OSHA comments from the January 19, 1989 Final Rule on Air Contaminants Project extracted from 54FR2332 et. seq. This rule was remanded by the U.S. Circuit Court of Appeals and the limits are not currently in force.
CAS: 298-04-4; Chemical Formula: C8H19O2PS3
OSHA formerly had no exposure limit for disulfoton. The ACGIH has a limit of 0.1 mg/m3 TWA for this substance. The proposed PEL for disulfoton was 0.1 mg/m3 as an 8-hour TWA; the final rule establishes this limit and adds a skin notation. Pure disulfoton is an oily, colorless liquid; the technical grade is a brown liquid.
The acute toxicity of disulfoton is very high by all laboratory-tested routes of administration. For weanling rats, the intraperitoneal LD(50) is reported to be 5.4 mg/kg; for adult rats, it is 9.4 mg/kg (Brodeur and Dubois 1963/Ex. 1-718). The acute dermal LD(50) is 6 mg/kg for adult female rats and 25 mg/kg for adult male rats (Gaines 1969/Ex. 1-320). The acute oral LD(50)s for male and female rats are reported as 6.8 mg/kg and 2.3 mg/kg, respectively (Brodeur and Dubois 1964/Ex. 1-1015). Rats have demonstrated an acquired tolerance for disulfoton (Brodeur and Dubois 1964/Ex. 1-1015).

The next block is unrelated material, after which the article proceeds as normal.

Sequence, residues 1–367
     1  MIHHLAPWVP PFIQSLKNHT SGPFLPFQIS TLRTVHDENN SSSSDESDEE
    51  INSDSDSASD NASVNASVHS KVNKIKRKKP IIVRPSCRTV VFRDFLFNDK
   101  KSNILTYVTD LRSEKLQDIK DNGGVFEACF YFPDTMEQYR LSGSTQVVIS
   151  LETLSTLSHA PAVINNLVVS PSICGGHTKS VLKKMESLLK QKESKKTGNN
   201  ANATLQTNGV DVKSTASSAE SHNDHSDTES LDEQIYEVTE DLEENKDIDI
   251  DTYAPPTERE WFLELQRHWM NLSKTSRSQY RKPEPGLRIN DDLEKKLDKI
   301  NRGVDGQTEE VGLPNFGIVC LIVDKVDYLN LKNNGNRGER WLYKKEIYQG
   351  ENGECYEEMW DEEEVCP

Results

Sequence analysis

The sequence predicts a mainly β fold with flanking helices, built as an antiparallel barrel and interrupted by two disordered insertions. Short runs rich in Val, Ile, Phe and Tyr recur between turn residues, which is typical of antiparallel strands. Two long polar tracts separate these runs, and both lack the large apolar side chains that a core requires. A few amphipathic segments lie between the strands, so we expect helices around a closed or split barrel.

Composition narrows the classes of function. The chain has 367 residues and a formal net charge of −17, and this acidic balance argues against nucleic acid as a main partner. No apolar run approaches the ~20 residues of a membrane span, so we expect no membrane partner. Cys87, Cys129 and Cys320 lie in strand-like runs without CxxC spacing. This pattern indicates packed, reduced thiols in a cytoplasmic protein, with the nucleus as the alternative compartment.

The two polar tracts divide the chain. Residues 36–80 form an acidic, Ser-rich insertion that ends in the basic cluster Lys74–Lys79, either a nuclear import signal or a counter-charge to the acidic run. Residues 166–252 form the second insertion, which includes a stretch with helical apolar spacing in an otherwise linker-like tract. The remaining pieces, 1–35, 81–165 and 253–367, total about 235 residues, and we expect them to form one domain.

Metabolically, disulfoton is highly fat-soluble, and the compound apparently interferes with mixed-function oxidase activity in the same manner shown to be the case for parathion; with respect to median lethal doses, parathion and disulfoton are similar (Stevens et al. 1973, as cited in ACGIH 1986/Ex. 1-3, p. 226).
NIOSH (Ex. 8-47, Table N2) noted that OSHA had inadvertently omitted the skin notation for the proposed limit for disulfoton. NIOSH points out that the studies described above for this substance clearly demonstrate that disulfoton “is almost as toxic via the skin as when administered internally,” and further, that the 1986 ACGIH Documentation (Ex. 1-3, p. 226) includes a skin notation for this substance. On the basis of these comments, OSHA is including a skin notation for disulfoton in the final rule. With the exception of NIOSH, no commenter submitted evidence to the record on disulfoton.
In the final rule, OSHA is establishing an 8-hour TWA PEL for disulfoton of 0.1 mg/m3, with a skin notation. The Agency concludes that this limit will prevent the significant risk of acute toxicity and metabolic injury, which are material impairments of health that are associated with exposures at levels above the new PEL. The skin notation is included to protect workers against the dermal toxicity that has been demonstrated in animal tests.